Many people reacted with surprise to Economic Development Minister Vic Fedelli’s request to the federal Immigration Minister to double the number of economic immigrants allocated to Ontario. They shouldn’t have. For some time now, Ontario and other provinces have been talking about shortages of workers with a range of different skills, and these shortages are getting worse as the population ages and younger generations are not numerous enough or lack the appropriate training to fill the gaps.
Fedelli’s request was for the federal government to approve an increase in economic immigration from 7,000 this year to 13,300 in two years time. His focus was, as would be expected in an economic development portfolio, on economic immigration. In recent years, the federal immigration focus has moved away from economic considerations and has more heavily emphasized bringing refugees and economic migrants into Canada, as well as increasing numbers in the family reunification category. Under the Harper government, the proportion of immigration categorized as economic immigration was higher, with a greater emphasis on bringing people into Canada that had needed skills and were readily employable, while many people still entered the country on a family reunification or refugee basis, albeit as a smaller proportion of the total.
More recently, the Trudeau government has put more of a focus on bringing refugees into Canada, in part as a response to the global refugee crisis, and also increased the number of people entering Canada on family reunification grounds. All of these goals are laudable, but have different impacts and different costs to society. For instance, bringing large numbers of elderly people into Canada via family reunification puts considerable added stress on our already challenged health care system and other social services. Unfortunately, the Trudeau government’s looser treatment of people crossing our border “irregularly” – in other words jumping the queue in a way that some would call illegal – has created chaos in the Canadian immigration system. This has led to much longer wait times for the processing of applicants and significant added demand on social services and housing resources in many communities that were not able to adequately prepare for the increased costs. Recent public opinion surveys have also shown that Canadians, historically among the most welcoming people in the world, are becoming more sceptical of increasing immigration numbers as they view the many problems that have been created recently by a less orderly and planned approach to immigration under the current Liberal federal government. Interestingly, some of the most disgruntled Canadians are relatively recent immigrants who became citizens by following all of the rules themselves, and now see people entering Canada without having to observe these same rules.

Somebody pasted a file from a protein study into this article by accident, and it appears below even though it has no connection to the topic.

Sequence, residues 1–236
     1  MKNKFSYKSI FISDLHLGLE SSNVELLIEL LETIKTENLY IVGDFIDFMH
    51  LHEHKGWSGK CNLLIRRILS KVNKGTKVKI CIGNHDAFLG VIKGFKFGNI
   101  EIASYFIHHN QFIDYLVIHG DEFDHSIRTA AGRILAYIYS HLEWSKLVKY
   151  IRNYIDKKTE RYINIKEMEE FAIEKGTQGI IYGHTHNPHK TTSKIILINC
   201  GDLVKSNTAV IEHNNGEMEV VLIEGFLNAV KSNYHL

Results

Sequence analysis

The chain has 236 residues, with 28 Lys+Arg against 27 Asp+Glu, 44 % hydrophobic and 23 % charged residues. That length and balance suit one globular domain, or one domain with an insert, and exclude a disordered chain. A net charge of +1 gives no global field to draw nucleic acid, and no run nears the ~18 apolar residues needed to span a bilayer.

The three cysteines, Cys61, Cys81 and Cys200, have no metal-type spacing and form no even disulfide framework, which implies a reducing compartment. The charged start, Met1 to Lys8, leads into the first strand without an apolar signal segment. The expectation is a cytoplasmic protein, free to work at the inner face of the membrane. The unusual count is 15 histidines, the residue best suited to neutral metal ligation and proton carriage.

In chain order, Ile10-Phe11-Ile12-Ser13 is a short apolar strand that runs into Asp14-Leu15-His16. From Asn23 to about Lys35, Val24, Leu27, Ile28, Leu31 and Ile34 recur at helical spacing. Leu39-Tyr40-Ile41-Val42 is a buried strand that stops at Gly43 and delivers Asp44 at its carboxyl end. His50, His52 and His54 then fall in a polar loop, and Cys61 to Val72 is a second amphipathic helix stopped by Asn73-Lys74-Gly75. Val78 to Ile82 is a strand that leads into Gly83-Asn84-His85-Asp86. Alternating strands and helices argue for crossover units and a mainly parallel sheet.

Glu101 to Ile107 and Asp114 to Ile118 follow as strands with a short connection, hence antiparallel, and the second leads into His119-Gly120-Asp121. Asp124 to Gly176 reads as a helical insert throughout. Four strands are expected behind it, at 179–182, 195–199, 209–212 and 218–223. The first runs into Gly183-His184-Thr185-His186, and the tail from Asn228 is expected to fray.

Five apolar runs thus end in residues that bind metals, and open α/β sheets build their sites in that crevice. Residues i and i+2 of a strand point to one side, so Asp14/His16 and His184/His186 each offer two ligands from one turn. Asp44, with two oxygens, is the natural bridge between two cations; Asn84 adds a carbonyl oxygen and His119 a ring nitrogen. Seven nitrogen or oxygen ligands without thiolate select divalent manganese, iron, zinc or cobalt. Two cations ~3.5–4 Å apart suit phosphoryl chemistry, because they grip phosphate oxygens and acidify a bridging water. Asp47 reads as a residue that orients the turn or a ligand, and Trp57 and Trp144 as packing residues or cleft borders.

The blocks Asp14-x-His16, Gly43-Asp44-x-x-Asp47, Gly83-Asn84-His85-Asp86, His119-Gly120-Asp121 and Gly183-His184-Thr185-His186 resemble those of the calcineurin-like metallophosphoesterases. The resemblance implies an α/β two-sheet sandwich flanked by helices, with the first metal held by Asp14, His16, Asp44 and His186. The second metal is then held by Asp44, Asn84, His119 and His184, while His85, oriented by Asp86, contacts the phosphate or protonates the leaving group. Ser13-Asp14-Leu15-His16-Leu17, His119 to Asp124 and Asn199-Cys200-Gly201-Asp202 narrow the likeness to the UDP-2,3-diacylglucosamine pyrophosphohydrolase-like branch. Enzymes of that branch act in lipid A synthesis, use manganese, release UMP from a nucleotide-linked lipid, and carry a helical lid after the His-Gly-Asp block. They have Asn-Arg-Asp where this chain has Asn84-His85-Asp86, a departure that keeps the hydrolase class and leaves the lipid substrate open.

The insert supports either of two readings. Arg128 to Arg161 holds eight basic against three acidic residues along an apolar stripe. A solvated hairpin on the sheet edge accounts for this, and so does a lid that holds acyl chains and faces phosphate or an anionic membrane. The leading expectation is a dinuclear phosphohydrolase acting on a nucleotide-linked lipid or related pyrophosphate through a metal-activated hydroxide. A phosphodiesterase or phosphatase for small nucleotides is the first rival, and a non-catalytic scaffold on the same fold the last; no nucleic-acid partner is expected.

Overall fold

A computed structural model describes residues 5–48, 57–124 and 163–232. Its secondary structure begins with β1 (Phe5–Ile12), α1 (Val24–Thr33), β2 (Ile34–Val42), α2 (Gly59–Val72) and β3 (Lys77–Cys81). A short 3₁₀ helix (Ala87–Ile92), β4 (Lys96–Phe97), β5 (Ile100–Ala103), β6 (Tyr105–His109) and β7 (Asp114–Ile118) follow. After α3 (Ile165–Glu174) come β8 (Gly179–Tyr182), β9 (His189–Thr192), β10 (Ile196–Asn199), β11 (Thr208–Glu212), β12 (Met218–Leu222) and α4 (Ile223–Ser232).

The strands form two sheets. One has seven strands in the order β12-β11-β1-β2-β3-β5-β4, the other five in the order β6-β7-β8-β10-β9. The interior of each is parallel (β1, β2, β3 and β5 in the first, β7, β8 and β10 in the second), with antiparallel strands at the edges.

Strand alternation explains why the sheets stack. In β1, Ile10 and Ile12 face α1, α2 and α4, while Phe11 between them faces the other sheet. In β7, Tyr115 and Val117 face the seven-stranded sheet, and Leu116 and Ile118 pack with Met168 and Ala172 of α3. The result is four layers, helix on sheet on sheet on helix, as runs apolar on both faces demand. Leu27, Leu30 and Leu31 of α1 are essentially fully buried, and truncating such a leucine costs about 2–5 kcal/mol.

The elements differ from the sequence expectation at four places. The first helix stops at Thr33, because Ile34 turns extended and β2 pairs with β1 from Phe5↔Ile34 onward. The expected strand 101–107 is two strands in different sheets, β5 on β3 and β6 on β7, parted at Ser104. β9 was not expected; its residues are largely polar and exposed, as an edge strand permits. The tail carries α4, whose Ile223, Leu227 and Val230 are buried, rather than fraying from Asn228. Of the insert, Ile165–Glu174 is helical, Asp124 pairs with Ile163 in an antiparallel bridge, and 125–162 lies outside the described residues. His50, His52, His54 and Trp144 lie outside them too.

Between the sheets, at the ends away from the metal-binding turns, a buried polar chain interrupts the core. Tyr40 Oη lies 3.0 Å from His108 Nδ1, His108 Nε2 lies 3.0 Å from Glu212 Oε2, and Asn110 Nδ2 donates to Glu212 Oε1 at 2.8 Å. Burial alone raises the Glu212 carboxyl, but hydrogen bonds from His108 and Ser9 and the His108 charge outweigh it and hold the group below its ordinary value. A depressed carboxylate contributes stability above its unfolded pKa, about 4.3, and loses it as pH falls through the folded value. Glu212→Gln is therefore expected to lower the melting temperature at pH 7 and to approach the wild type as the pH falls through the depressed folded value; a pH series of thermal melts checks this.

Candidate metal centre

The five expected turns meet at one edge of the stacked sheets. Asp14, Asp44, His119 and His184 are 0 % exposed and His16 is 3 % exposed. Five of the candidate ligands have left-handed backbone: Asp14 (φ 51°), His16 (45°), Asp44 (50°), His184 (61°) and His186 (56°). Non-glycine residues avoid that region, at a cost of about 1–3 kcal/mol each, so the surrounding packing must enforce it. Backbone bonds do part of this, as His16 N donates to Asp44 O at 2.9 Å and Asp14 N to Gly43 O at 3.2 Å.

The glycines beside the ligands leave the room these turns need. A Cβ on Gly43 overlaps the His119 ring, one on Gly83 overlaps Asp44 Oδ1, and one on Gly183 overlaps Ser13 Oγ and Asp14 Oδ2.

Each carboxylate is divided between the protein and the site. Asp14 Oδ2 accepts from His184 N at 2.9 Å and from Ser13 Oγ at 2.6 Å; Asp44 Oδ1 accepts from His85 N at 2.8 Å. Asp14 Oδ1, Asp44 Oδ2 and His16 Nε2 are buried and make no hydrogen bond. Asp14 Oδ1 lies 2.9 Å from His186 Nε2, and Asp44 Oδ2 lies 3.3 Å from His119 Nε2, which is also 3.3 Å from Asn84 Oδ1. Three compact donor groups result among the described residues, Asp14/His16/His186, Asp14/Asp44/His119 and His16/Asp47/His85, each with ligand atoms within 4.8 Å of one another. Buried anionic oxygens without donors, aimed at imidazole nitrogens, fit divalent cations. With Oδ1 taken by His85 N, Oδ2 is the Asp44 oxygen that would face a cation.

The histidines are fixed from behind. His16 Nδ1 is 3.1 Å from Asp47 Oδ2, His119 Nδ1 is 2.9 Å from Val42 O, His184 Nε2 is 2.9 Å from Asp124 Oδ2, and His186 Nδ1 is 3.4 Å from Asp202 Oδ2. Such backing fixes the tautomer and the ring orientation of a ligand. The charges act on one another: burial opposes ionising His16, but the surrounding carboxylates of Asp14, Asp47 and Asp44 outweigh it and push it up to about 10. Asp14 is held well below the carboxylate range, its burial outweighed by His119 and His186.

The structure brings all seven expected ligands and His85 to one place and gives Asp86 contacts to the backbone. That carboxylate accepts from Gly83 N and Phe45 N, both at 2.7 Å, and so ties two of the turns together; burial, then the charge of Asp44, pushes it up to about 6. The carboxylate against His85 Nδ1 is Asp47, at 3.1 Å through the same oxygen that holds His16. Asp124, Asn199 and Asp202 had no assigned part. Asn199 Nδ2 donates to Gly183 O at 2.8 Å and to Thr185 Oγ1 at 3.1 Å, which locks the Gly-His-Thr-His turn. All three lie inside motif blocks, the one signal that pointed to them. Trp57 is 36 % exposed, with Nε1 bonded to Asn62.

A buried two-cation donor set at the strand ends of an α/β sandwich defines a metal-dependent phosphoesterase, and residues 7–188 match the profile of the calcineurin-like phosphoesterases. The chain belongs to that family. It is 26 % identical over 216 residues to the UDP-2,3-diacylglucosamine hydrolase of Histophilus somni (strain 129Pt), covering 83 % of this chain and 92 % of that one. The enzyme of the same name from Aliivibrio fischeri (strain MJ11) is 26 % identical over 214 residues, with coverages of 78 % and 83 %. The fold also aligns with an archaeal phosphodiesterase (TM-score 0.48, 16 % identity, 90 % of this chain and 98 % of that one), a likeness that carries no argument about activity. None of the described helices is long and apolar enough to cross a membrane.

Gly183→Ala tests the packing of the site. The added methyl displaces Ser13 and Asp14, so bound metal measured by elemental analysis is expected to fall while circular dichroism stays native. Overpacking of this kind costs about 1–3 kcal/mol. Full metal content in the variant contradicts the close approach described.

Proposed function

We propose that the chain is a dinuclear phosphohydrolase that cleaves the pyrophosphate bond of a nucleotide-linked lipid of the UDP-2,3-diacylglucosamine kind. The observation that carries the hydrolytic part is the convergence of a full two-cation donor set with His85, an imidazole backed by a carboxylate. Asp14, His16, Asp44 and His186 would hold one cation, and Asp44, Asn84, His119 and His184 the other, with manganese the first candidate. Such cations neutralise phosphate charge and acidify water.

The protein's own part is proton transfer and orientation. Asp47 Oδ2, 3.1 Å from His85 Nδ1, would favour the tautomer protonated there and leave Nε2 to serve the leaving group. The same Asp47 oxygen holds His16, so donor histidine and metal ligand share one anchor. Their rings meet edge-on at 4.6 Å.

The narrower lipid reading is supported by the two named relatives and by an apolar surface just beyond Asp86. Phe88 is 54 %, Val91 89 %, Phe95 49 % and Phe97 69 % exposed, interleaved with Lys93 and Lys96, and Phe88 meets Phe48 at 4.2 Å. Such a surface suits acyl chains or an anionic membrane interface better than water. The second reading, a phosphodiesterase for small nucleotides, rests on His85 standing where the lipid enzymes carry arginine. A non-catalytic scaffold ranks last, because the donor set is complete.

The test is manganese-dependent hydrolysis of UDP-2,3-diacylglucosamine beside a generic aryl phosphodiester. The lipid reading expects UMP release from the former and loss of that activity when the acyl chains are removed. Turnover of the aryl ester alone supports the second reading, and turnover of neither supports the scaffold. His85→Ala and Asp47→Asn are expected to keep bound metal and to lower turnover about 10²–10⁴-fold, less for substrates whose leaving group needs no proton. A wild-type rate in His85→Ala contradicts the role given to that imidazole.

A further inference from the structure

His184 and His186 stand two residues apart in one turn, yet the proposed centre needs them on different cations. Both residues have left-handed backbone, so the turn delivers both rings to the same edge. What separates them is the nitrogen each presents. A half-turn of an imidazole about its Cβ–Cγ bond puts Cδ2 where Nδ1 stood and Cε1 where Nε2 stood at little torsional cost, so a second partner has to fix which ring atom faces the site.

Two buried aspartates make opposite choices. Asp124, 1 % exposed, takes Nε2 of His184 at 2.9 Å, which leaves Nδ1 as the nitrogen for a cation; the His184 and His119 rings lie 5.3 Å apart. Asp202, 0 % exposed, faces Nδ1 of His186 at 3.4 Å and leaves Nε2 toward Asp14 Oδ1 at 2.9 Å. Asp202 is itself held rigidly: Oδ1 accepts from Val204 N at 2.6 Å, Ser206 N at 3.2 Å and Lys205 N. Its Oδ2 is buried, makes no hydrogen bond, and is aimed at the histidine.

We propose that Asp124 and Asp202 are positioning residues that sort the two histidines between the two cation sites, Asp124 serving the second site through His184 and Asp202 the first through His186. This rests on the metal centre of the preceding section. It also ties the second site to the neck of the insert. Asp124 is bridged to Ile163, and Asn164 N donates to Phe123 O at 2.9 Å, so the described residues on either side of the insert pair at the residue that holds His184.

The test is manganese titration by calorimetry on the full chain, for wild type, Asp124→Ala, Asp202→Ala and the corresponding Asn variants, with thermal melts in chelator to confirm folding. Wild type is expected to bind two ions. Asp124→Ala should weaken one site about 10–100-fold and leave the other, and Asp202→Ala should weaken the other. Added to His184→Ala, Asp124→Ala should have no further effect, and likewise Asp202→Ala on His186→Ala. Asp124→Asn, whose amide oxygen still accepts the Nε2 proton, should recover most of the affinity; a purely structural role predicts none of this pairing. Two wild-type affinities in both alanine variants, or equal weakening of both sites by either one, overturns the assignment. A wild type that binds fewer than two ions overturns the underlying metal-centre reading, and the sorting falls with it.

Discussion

One of the results of these many recent changes in immigration policy has been worsening shortages of workers with needed skills, prompting Fedelli’s request. These ongoing shortages also beg the question of why there is not more attention paid to establishing these skill sets in workers already in Canada. Unfortunately, some recent surveys show that studying for the skilled trades continues to be viewed negatively by many secondary school students and educators alike, despite the fact that these careers are very much in demand and pay very well. The immediate response of the federal Immigration Minister to Fedelli’s request was to agree to take it into consideration. To solve this long-standing problem, however, a combination of more targeted immigration policy and doing a much better job of promoting skilled trades among students and young workers already in Canada will be needed.
Catherine Swift is currently President and CEO of Working Canadians (www.workingcanadians.ca. Prior to that, Catherine Swift had been with the Canadian Federation of Independent Business since September 1987, initially as Chief Economist. She became Chair in June 1999 after being named Chief Executive Officer in July 1997 and President in May of 1995. Her various responsibilities included coordinating policy issues at federal, provincial and municipal levels of government, representing CFIB with politicians, government, business, media and other groups.
Ms. Swift has worked with the federal government in Ottawa holding several positions with the Departments of Consumer and Corporate Affairs, Industry and Communications. Her areas of specialization included corporate and industrial analysis and international trade. Catherine Swift has a MA in Economics.
She has published numerous articles in journals, magazines and other media on such small business issues as free trade, finance, entrepreneurship and women small business owners. Ms. Swift is a Past President of the Empire Club of Canada, a former Director of the C.D. Howe Institute and past President of the International Small Business Congress. She was cited in 2003 and again in 2012 as one of the top 100 most powerful women in Canada by the Women’s Executive Network.